Troubled Transgender Teen "Jane Doe" Found After Escaping From Custody - NBC Connecticut

Troubled Transgender Teen "Jane Doe" Found After Escaping From Custody

The confinement of the teen known only as Jane Doe attracted national attention after she was ordered imprisoned without charges in April in an adult facility. She was 16.



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    A troubled transgender girl whose confinement case has attracted national attention escaped from a Connecticut treatment program Tuesday and was found by police several hours later, state officials said.

    The teenager, known only as Jane Doe, has been moved several times since a judge in April ordered her to be imprisoned without criminal charges at the request of the Department of Children and Families, who said she was too violent to remain in their custody. She was 16 at the time.

    The teen, most recently held at a facility for delinquent boys, escaped Tuesday morning while attending her first day at a therapeutic program at the Institute of Living in Hartford, the agency said.

    "This was part of the ongoing treatment that all involved agree that Jane Doe needs to overcome past trauma and the latest example of the agency's commitment to providing the necessary care for her," DCF said in a statement.

    Local police and the Department of Children and Families searched the area throughout the day and found her on Park Street in Hartford shortly before 4 p.m. Tuesday, according police. Police said she would be interviewed and turned over to the proper state agency.

    "We are relieved that she is not injured, and we want to thank the Hartford Police Department for their diligent and effective work," DCF spokesman Gary Kleeblatt said.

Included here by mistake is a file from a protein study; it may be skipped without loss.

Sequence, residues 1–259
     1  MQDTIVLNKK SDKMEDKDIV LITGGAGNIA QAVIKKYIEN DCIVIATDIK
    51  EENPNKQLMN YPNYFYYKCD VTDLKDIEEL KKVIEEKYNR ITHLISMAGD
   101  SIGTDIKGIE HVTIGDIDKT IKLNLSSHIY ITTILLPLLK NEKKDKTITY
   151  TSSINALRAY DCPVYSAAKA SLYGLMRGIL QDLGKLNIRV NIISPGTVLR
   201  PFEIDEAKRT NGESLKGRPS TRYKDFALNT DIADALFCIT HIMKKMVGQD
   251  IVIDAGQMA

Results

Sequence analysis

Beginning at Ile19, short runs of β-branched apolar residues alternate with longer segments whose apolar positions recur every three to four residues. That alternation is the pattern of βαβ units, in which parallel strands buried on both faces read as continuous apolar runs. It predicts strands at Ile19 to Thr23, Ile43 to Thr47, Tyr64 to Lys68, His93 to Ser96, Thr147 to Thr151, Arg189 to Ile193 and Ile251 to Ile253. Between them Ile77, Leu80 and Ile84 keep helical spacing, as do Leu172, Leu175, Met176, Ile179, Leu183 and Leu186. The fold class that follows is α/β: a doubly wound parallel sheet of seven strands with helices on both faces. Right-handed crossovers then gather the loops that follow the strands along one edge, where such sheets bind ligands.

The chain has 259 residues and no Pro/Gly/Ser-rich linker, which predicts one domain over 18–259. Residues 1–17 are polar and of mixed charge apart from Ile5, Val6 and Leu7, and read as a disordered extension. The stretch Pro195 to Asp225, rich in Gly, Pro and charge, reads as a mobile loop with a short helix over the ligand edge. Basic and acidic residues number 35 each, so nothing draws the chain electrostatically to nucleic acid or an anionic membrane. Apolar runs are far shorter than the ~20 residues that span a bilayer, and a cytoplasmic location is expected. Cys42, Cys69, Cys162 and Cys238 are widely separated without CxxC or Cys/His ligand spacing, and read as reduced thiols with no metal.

The teenager has suffered sexual abuse and has a range of mental health needs, according to her attorney. The child advocate's office says her life has been marked by years of institutional or hospital care, and the agency has identified her only generically as Jane Doe.

    Since April, she has been relocated to several different detention facilities amid allegations she assaulted others and an outcry from supporters over the conditions of her confinement.

    In May, she was moved from a mental health unit to another building at York Correctional Institution in East Lyme, where advocates complained that she was subject to solitary confinement damaging to her mental state. The Department of Children and Families denied she was in solitary confinement.

    In June, fshe was moved to the Albert J. Solnit Children's Psychiatric Center, a Children and Families-run facility in Middletown.

    In July, she was moved to Connecticut's juvenile home for boys after she was accused of assaulting another youth and a staff member. She was in a single room separated from the other residents at the Children's Psychiatric Center, the state's only secure facility for delinquent boys.